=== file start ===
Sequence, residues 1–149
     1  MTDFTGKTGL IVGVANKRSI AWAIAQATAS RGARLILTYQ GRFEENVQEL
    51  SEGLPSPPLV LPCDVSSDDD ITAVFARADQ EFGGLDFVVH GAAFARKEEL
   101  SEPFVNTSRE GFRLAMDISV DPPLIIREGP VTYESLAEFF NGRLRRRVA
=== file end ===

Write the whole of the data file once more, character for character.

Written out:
Sequence, residues 1–149
     1  MTDFTGKTGL IVGVANKRSI AWAIAQATAS RGARLILTYQ GRFEENVQEL
    51  SEGLPSPPLV LPCDVSSDDD ITAVFARADQ EFGGLDFVVH GAAFARKEEL
   101  SEPFVNTSRE GFRLAMDISV DPPLIIREGP VTYESLAEFF NGRLRRRVA